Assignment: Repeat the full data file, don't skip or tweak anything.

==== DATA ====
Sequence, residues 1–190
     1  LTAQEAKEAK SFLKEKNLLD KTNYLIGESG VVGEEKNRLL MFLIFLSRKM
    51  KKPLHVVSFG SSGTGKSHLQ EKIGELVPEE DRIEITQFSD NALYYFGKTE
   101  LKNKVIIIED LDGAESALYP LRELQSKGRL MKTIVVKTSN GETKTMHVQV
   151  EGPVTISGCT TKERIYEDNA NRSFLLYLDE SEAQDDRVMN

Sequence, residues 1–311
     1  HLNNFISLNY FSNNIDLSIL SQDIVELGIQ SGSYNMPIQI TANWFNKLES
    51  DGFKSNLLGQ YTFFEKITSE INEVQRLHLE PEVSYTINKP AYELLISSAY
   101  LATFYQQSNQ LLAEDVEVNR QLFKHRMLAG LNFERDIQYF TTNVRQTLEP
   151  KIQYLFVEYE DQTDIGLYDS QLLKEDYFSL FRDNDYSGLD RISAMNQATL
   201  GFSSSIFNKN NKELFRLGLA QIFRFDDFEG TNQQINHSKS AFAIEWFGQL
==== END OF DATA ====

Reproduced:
Sequence, residues 1–190
     1  LTAQEAKEAK SFLKEKNLLD KTNYLIGESG VVGEEKNRLL MFLIFLSRKM
    51  KKPLHVVSFG SSGTGKSHLQ EKIGELVPEE DRIEITQFSD NALYYFGKTE
   101  LKNKVIIIED LDGAESALYP LRELQSKGRL MKTIVVKTSN GETKTMHVQV
   151  EGPVTISGCT TKERIYEDNA NRSFLLYLDE SEAQDDRVMN

Sequence, residues 1–311
     1  HLNNFISLNY FSNNIDLSIL SQDIVELGIQ SGSYNMPIQI TANWFNKLES
    51  DGFKSNLLGQ YTFFEKITSE INEVQRLHLE PEVSYTINKP AYELLISSAY
   101  LATFYQQSNQ LLAEDVEVNR QLFKHRMLAG LNFERDIQYF TTNVRQTLEP
   151  KIQYLFVEYE DQTDIGLYDS QLLKEDYFSL FRDNDYSGLD RISAMNQATL
   201  GFSSSIFNKN NKELFRLGLA QIFRFDDFEG TNQQINHSKS AFAIEWFGQL